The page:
The Situation Of Yemen.
Yet he still had to share power to some extent with Al Islah, the radical Islamic movement led by Shaikh Abdullah Al Ahmar, the leader of the Hashed tribal confederation. Elections since then have reduced the clout of Al Islah in parliament, and consequently its influence on Yemeni policymaking. President Saleh is now surrounded by some efficient technocrats who are capable of appreciating the realities of the post-Cold War era and making the necessary adjustments to Yemen's geo-political orientation. There are still Islamists in Yemen's decision-making circles, but they are not in a position to take unilateral measures that may affect Sanaa's growing links with the US.
One of the foremost conditions for improving relations with the US is to acknowledge its main policy pillars - the Middle East peace process, economic liberalisation, opposition to radical Islam and silence on the issue of sanctions against Iraq. Yemen has fallen in line with these conditions, for the most part. Sanaa has demonstrated willingness to improve relations with Israel, and discreet but official contacts between the two sides have taken place over the past year.
Yemen's links with the US include defence co-operation, with Washington's top commander in the region Gen. Anthony Zinni having visited Yemen last year. There have been rumours that Sanaa may permit the US to use the strategically located island of Socotra, at the entrance to the Red Sea as a military base. The possibility of such co-operation precludes any chance that Islamists will come to power in Yemen in the foreseeable future. For its part, the US supports Yemen's economic liberalisation moves and President Saleh's efforts to improve socio-economic conditions in the country.
However, Yemen has unique characteristics that make it prone to instability. Unlike the other GCC countries, Yemen has a large population of well-armed tribesmen with strong pro-Islamic leanings. They are virtually autonomous as the writ of the central government does not exceed far beyond urban boundaries. The tribes can be organised into fighting groups at short notice, and they can present a formidable challenge to opponents, especially if they are fighting on their own territories.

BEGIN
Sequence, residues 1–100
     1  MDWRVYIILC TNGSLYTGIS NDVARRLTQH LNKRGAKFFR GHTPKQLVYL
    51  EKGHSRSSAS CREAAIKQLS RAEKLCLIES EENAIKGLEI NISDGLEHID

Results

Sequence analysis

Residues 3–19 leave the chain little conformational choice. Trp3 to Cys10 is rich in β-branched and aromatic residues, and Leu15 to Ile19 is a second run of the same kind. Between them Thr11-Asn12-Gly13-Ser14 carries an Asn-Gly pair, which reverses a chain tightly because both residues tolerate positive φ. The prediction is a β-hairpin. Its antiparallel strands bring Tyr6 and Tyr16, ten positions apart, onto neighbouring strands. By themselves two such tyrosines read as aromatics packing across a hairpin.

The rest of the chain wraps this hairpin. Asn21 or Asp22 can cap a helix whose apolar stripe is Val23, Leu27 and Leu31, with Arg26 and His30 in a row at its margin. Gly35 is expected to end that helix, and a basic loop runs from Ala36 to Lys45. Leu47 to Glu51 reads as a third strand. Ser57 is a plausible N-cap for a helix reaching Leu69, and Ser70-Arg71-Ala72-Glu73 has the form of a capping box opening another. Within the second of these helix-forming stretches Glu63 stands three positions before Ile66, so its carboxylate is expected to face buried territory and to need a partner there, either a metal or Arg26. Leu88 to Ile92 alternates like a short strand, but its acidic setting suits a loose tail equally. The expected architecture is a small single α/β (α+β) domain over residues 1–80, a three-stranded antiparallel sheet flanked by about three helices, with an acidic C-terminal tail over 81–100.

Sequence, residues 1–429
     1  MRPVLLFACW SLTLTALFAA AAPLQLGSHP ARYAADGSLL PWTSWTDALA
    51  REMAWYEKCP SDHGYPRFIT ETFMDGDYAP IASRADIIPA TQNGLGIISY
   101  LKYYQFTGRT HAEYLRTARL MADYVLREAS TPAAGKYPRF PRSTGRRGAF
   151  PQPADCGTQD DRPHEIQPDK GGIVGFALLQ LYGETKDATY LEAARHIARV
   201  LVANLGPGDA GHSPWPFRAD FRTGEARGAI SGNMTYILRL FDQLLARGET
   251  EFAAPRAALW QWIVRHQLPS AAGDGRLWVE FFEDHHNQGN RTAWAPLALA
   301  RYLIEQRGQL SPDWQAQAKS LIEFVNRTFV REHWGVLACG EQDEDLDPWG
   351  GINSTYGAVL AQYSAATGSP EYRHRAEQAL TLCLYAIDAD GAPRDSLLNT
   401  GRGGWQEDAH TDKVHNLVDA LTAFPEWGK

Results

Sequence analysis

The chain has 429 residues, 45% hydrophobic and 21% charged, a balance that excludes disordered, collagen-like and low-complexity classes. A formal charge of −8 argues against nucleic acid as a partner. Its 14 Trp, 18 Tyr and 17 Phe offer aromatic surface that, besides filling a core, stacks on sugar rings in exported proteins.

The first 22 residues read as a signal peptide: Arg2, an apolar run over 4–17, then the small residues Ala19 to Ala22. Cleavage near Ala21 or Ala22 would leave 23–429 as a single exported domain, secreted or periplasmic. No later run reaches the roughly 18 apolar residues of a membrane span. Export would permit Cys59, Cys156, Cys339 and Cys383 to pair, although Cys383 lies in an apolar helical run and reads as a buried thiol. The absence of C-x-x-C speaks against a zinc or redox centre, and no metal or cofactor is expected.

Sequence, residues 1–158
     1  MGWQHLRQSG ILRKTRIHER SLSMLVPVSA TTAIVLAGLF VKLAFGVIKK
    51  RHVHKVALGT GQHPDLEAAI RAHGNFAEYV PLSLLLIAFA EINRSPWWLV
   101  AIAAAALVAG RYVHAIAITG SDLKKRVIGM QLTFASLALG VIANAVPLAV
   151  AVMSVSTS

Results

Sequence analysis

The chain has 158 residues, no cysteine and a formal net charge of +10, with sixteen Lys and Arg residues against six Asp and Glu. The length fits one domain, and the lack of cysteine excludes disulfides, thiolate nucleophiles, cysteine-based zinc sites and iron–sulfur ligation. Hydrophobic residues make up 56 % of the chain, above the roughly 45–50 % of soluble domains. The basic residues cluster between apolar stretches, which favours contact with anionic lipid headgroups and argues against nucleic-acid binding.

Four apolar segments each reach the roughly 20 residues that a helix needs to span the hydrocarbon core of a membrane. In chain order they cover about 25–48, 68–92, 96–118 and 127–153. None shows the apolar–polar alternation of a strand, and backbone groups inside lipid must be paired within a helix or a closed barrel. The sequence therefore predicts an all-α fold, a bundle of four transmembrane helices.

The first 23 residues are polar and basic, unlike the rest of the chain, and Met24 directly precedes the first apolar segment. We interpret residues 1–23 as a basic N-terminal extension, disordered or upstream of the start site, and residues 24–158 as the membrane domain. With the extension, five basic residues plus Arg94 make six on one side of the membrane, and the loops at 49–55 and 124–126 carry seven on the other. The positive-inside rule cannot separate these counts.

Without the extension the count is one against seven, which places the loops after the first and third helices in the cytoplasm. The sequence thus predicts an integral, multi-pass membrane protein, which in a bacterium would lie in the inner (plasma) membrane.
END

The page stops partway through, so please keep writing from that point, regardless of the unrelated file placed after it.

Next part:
The best example of this was during the 1994 civil war when the tribesmen took the side of President Saleh. Many observers noted that the north would not have won the war within two months, if the tribes had taken a different approach. Saleh knows all this and deals with the tribes with sensitivity and caution. Often the preferred tactic of the central government is to get the tribes to behave by offering economic incentives. This approach should get easier as revenues from Yemen's hydrocarbon resources increase in the coming years.
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|Title Annotation:||economic and religious policy|
|Publication:||APS Diplomat Strategic Balance in the Middle East|
|Article Type:||Brief Article|
|Date:||Jan 17, 2000|
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